In this case the judge followed the approach set out in Chartbrook Ltd v Persimmon Homes Ltd2 by the Court Appeal where it was held that the correct practice is to determine what a reasonable person would have understood the parties to have meant in a way consistent with the purpose of the contract. Rayford Homes ('R') borrowed money from two lenders: its trustee shareholder ('T') and the Bank of Scotland ('BoS'/'the Bank'). Both lenders were granted security over the company's assets. The parties then entered into an inter-creditor agreement in the Bank's standard form, intended to regulate the rights of the creditors amongst themselves. A schedule to the agreement included a definition of "BoS Priority", which was defined as meaning "BoS Debt not exceeding £ [ ] together with interest … ". The amount was left blank when the agreement was signed, and the term "BoS Priority" was not used in the agreement. After signing the agreement the Bank agreed to make further advances to R; following this the Bank requested that T sign a document acknowledging that the "BoS Priority" figure was increased to the maximum amount that the Bank had now agreed to advance and that this figure would be inserted into the definition of "BoS Priority". In accordance with the Bank's request, T signed the document; however, because the definition was still not used in the agreement, this did not seem to have any effect. R then entered into administration and became unable to repay its debts and administrative receivers were appointed. The matter in dispute was whether the definition "BoS Priority" had any meaning, i.e. whether it limited the amount to which the Bank's charge had as against that of T. The Bank argued that the definition had no meaning and was merely descriptive of the amount of the loan facility at the time that the change was initialled. The Bank argued this in order to enable them to rely on the other provisions of the agreement and other security documents. In contrast T argued that the definition imposed specific financial limits on the extent of the Bank's priority. The judge held in favour of T. He said that there was no single commercially sensible construction for the effect of the addition to the definition of "BoS Priority" in the inter-creditor agreement. Both unlimited priority for the Bank and a limited priority were entirely plausible, and in his view this case was one of the many in which commercial plausibility was of no real assistance in constructing the parties' agreements. Using the Chartbrook principles for construction of an agreement, the Judge rejected the argument that the purpose of the insertion was simply to state the facility limit as at the date of the initialling. The clear construction of the inter-creditor agreement was that, without the insertion, the priority was unlimited. The purpose of the definition was by its terms to limit the Bank's priority. The initial reaction to the existence of an unused definition might be that such a definition would be of no effect and serve no relevance on the interpretation of the contract. However, this case highlights the danger of using such definitions, the consequences being that it may become difficult to predict the effect of such definitions and they may work against you. This especially could be the case where a change is subsequently made to the definition as were the circumstances in this case. For additional information please contact Justin Emerson of Gepp & Sons on 01245 228113. The above is not legal advice; it is intended to provide information of general interest about current legal issues. 1  EWHC 1948 (Ch) 2  1 A.C. 1101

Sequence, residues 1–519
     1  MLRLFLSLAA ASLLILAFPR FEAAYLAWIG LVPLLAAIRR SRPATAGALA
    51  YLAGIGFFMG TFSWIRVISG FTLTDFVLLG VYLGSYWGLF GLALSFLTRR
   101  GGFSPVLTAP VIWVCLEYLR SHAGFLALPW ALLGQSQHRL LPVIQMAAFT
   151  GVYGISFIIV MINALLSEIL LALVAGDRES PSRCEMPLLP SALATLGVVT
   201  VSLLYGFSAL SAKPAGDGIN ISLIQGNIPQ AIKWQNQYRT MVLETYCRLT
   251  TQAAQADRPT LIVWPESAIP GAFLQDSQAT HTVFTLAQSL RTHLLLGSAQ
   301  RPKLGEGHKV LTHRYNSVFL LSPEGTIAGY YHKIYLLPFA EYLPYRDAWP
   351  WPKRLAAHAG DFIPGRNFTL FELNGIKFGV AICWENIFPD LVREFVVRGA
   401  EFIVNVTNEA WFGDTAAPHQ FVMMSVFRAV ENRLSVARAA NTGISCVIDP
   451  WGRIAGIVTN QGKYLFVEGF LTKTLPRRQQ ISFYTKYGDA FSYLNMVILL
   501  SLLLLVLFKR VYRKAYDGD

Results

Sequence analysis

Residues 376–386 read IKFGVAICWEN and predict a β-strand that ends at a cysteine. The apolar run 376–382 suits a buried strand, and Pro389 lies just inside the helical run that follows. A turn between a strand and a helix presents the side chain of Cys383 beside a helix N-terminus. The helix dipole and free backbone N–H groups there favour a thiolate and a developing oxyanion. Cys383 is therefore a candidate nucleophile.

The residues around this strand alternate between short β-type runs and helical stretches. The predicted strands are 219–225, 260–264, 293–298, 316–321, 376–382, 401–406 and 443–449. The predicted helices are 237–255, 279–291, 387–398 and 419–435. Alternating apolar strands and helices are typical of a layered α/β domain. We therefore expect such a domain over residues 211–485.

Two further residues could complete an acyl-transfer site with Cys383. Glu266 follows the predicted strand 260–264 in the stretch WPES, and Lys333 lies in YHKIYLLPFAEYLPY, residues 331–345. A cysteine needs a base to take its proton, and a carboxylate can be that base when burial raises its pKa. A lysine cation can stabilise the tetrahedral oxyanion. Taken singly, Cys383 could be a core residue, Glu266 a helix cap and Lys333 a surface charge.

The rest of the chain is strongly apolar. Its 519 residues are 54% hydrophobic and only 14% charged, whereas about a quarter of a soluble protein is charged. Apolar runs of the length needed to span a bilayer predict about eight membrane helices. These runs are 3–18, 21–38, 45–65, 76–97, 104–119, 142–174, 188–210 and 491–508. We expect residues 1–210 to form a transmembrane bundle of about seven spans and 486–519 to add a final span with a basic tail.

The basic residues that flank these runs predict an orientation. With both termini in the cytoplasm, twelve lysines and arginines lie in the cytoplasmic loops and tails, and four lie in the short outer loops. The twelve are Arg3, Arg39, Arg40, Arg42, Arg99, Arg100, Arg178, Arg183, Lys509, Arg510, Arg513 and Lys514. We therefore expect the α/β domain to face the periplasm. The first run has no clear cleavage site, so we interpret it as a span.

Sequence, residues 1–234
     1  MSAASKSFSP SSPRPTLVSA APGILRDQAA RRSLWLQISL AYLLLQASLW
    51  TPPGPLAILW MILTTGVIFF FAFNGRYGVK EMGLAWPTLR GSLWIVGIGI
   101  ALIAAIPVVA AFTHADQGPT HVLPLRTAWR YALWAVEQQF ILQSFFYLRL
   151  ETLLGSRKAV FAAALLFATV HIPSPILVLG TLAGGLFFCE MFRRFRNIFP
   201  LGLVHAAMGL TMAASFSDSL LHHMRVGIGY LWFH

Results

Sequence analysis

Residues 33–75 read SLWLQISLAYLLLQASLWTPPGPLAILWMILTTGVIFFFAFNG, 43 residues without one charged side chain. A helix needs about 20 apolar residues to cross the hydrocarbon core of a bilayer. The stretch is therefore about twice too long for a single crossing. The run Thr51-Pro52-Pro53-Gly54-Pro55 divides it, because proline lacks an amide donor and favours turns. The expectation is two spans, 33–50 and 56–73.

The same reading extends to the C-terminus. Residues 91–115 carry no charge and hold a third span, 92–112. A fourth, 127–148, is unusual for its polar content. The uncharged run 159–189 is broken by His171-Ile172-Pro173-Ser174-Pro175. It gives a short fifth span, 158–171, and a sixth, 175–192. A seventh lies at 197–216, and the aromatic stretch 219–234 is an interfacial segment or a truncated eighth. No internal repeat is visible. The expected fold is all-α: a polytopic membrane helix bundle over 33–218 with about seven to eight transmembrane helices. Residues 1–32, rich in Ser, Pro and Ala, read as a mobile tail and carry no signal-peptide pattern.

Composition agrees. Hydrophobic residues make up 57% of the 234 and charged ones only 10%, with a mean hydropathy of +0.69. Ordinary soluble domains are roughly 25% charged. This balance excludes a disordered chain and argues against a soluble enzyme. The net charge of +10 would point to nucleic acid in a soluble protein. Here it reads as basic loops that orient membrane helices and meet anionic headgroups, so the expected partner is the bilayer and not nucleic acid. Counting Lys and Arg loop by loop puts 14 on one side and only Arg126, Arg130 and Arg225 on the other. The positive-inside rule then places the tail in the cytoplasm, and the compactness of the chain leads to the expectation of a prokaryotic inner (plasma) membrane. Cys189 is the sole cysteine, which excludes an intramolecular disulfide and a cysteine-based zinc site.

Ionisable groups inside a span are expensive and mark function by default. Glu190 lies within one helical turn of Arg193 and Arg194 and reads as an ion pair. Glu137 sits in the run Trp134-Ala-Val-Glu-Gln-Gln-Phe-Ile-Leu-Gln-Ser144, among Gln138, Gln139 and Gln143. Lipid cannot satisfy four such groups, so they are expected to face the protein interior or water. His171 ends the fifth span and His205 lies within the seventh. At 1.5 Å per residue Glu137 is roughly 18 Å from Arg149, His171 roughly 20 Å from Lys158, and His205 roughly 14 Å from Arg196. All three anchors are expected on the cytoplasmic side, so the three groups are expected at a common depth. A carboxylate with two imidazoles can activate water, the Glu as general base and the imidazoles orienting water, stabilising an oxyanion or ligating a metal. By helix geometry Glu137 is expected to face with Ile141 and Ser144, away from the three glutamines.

The hazard of the unused definition.